Others (see Ramban ibid., and especially Chizkuni) explain Ka’asher Tarid differently: However, if Yaakov abuses the blessings by becoming excessively dominating (“Ridui”), then you will be able to cast off his yoke.
It emerges that there are two scenarios by which Yaakov can forfeit his right to the blessings, thereby exposing himself to the wrath of Eisav: 1) If he doesn’t keep “his end of the deal” by remaining steadfast to the Torah. 2) If he takes advantage of the power he’s been granted over Eisav and becomes abusive and controlling.
Perhaps this was the hidden message of Yaakov to Eisav: You have come to attack me. Evidently, you feel that I am no longer shielded by the protective blessings of our father. Perhaps, seeing that I have left the house of Lavan with great wealth and manpower, you assume I have taken a role of leadership, power, and domination, thereby forfeiting the blessings. To this I respond: Im Lavan Garti – Although I am rich and potentially powerful, I have remained no more than a sojourner. I have refused to take advantage of the power my wealth affords me. On the other hand, if you assume that after having lived with the wicked Lavan for so many years, I must followed in his footsteps, and have weakened my commitment to the Torah, thereby relinquishing my right to the blessings, to that I respond: “Im Lavan Garti,” – And yet I kept all the Taryag mitzvos; I did not sway at all in my love of the Torah!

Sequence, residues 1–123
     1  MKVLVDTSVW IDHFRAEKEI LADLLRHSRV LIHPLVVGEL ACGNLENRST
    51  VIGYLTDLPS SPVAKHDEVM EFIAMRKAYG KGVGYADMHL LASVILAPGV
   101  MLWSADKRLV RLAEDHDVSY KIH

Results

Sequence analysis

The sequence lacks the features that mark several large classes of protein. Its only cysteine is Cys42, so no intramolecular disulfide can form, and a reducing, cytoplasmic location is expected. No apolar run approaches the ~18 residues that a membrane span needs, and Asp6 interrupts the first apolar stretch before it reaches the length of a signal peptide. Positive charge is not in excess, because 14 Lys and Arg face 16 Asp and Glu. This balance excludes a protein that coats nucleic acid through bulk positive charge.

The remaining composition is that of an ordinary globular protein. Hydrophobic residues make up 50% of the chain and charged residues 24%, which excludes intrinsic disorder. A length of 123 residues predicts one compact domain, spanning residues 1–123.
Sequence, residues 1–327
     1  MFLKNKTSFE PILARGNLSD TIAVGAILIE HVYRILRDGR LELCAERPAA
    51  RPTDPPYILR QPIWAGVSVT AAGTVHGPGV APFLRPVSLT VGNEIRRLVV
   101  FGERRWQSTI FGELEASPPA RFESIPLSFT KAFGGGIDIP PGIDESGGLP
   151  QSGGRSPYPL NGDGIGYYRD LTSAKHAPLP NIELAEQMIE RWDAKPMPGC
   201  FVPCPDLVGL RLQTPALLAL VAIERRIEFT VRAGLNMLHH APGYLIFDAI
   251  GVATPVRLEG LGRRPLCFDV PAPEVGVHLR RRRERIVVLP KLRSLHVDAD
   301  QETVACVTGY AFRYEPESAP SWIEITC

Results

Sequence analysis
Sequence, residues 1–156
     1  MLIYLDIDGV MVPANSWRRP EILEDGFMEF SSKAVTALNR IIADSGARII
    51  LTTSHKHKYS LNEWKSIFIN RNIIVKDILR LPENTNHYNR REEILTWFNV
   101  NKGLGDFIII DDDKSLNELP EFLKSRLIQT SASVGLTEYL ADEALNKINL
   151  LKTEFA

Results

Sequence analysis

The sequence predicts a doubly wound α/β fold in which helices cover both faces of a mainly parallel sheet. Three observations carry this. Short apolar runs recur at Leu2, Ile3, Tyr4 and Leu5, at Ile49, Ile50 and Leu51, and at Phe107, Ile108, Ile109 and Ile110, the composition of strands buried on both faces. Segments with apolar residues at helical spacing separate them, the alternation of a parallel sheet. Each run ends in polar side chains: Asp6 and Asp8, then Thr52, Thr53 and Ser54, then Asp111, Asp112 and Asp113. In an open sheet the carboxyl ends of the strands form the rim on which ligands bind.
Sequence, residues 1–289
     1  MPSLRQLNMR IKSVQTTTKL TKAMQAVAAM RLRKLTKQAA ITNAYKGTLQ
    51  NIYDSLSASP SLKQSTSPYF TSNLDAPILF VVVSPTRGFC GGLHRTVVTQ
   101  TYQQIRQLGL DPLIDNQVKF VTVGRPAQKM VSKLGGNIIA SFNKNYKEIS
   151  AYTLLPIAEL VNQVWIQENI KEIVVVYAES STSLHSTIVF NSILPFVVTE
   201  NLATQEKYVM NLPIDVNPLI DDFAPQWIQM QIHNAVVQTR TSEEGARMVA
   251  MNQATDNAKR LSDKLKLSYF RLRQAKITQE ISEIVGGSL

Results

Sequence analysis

Shem mi-Shmuel notes that ultimately, the two explanations of “Im Lavan Garti” are interdependent. In order to be truly committed to the Torah, it is imperative that we remember the dictum of the Sages (Avos 4:16): This World is like an antechamber before the World to Come; prepare yourself in the antechamber so you will be ready to enter the banquet hall! It is known that many great tzaddikim of earlier generations lived in the most simple of dwellings, lacking all conveniences, and possessing only the most basic furnishings. When questioned, they would invariably reply that, “When one is ‘on the road,’ one forgoes the luxuries of life, and makes do with the bare necessities.” They lived their entire lives as if they were “just passing by.” Every moment spent building palaces in this life, was one less moment left to invest in the palaces being built for them in the World of Eternal Life!
How is it that Yaakov was indeed able to resist Lavan’s overtures to join him in a life of pleasure and indulgence, and maintain the commitment and self-sacrifice required to faithfully keep all of the Taryag mitzvos? It was by realizing that ultimately, his journey through the physical sphere was no more than a road-trip, a training- camp in preparation for the World to Come. By always seeing himself as a Ger, he was able to remain steadfast to Taryag!
Have a good Shabbos.
And by R’ and Mrs. Avraham Shmiel Grosz, in celebration of the wedding of their daughter, Raisy, to Yonty Friedman, son of R’ Shmiel Duvid Friedman.